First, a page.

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20 Cricketers to Watch - Part 1

After the success of the '20 to Watch' in tennis, DW on Sport, through our new guest cricket writer James Fenn (@JamesTigerGib), turns its eye to a group of twenty cricketers from around the globe that are expected to push on to big things in the coming twelve months.

1. Abul Hasan (BAN)

Age : 20
Role : Bowling all-rounder

His talent came to light off the back of a remarkable 113 batting at number 10 against a rampaging West Indian attack. He demonstrated flowing shots, without the usual ‘long handle’ associated with lower order batsmen, and tremendous fight to help Bangladesh post a score that they were at least able to bowl against. Hasan opened the bowling and, despite going wicketless, showed signs of a young seamer being able to swing the ball both ways with accuracy.

All he really needs is experience, maybe a yard more pace and a stint playing first class cricket abroad to turn him into the star all-rounder of an exciting Bangladesh test side.

2. Ben Cutting (AUS)

Age: 25
Role: Fast-Medium Bowler

A player who is just starting to get the recognition he deserves, he has the slap and tickle Big Bash to thank for this and his performances in it are putting him in line for Australian honours. A little sad that it has taken this long for someone, who possesses the coveted stat of a higher first class batting average than bowling average.

I will not be delusional and say that he will make the Ashes, but I can certainly see him touring and playing the short form. An IPL contract should be inevitable, and with so many excellent opportunities available around the globe, a possible career playing T20 competitions, making money and sipping cocktails in the Caribbean sounds like an ideal path. I would just like to see him judged as a class cricketer in the other forms as well.

3. Simon Kerrigan (ENG)

Age: 23
Role: Slow left-arm

A County Championship winner, having taken the final wicket with less than five agonising minutes left, who is a prodigious talent that has seemingly been leapfrogged by other very good spinners into the England team. However, I see it as more a situation of keeping him to replace Graeme Swann in the test arena when the time comes. Swann was a gifted youngster too, but years on the County circuit taught him how to take wickets the hard way. This is exactly what I see with Kerrigan.

Watch this space; he will become England’s premier twirler of destruction. He delivers on the big stage, he has now felt Championship winning joy and bitter relegation, so mentally I would say he is prepared for the big stage. England have included him in the Performance Programme in India over Christmas, where he has had some joy, and I fully expect him to be one of the top wicket takers in the Championship this year.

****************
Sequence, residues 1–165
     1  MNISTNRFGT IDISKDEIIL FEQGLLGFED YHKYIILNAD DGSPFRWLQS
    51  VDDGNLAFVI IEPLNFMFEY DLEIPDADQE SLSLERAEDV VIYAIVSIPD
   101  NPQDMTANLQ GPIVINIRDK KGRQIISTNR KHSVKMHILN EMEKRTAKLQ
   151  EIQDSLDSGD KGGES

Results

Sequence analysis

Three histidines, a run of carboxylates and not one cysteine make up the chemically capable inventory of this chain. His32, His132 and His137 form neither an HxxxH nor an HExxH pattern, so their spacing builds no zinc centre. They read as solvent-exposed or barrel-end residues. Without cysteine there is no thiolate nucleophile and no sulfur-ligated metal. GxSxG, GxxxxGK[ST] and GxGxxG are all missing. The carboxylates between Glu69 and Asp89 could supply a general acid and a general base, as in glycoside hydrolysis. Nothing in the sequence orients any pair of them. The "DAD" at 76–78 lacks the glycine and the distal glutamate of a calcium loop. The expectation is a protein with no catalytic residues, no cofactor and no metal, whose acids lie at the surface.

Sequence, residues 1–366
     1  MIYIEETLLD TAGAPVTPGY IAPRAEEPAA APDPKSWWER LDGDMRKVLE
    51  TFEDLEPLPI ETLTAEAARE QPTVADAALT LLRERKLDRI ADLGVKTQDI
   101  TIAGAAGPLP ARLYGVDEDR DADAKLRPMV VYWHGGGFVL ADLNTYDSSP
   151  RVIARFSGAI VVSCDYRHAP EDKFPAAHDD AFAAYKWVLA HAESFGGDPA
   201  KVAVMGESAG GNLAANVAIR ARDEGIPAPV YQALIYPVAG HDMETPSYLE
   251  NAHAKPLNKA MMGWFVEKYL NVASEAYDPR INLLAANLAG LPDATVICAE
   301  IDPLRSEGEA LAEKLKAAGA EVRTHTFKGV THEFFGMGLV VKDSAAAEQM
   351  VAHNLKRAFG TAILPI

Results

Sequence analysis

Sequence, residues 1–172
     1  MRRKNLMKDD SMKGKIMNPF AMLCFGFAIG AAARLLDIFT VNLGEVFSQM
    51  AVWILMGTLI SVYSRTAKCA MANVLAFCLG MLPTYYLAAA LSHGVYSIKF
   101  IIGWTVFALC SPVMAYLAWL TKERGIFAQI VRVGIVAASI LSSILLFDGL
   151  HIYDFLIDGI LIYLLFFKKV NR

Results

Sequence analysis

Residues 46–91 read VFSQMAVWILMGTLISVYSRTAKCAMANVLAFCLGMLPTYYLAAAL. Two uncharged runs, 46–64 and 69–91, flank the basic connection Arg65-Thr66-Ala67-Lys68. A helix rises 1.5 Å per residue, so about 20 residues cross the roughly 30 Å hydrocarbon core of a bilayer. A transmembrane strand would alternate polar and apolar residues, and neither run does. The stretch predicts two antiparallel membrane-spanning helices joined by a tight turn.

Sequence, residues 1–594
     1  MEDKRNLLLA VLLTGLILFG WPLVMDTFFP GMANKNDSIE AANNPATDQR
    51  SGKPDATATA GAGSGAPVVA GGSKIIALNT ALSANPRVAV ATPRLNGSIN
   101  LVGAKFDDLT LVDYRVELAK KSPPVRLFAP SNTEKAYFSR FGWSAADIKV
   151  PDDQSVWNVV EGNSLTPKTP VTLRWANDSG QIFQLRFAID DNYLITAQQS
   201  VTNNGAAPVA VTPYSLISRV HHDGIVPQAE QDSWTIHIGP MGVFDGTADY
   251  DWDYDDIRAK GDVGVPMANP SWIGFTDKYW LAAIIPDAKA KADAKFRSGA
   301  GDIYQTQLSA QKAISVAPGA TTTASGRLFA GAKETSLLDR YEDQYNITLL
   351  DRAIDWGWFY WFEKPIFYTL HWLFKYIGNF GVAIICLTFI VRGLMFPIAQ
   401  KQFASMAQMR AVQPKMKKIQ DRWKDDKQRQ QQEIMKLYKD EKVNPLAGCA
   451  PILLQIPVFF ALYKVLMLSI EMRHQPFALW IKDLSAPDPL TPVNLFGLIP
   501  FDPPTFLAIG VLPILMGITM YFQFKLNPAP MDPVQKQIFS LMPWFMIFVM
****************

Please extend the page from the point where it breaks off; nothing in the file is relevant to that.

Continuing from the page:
An outside chance of going to Australia with the test squad this year? Absolutely.

4. Ben Foakes (ENG)

Age: 19
Role: Wicketkeeper Batsman

My belief is England have their favourites. By that I mean there are people the selectors have maybe watched for years, banked on them becoming as good as they think they will without really giving much thought elsewhere. For me we have two in the wicketkeeping department, Jos Buttler and Jonny Bairstow.

However I believe Ben Foakes is the superior keeper. At the Under 19’s World Cup, Foakes was keeping to arguably the fastest bowlers in the tournament on fast and swinging Australian pitches, and was completely at ease. Foakes was also England’s best batsman and looked polished in his shot making, striking the ball as cleanly as anyone in the tournament.  All I would suggest is that he improves his shot selection, but with experience, which he should get, I think he is all but certain for a run in the Essex side this season and I wouldn’t put it past him being their top scorer in at least one format of the game. 

5. Adam Zampa

Age: 20
Role: Leg Spinner

I really hope this kid has a big future. A big spinning, fearless, blonde Aussie leg spinner. Sound familiar? Of course it would be ludicrous to put him in the same bracket and quite honestly I cannot stand articles that do that. However, this rule will be broken once and only once, as it is true.

I have watched every single innings he has bowled in FC, Ryobi and T20 cricket and, quite frankly, he is a future test bowler. Test star? Possibly. The simple fact is he has stood up with the best in the world and come out with a very much enhanced reputation. For me, it revolves around the fact he has, like every leggy , taken a battering, but what makes Zampa different is his unwillingness to recede and just bowl singles.

He is more accurate than he is given credit for and uses this to attack relentlessly. You club him for six and feel great about yourself, fine. Next ball, he spins it past the bat and you are stumped. Job done. This has happened twice in his first Big Bash, as well as a very close to match winning spell against a Hobart team full of top Test batsman who could not get him away.

Some delivery variations need to be learnt for his full potential to blossom, but with the lack of spinners at Australia’s disposal right now, I wouldn’t be the least bit surprised if he gets an international call up this year for the short form.

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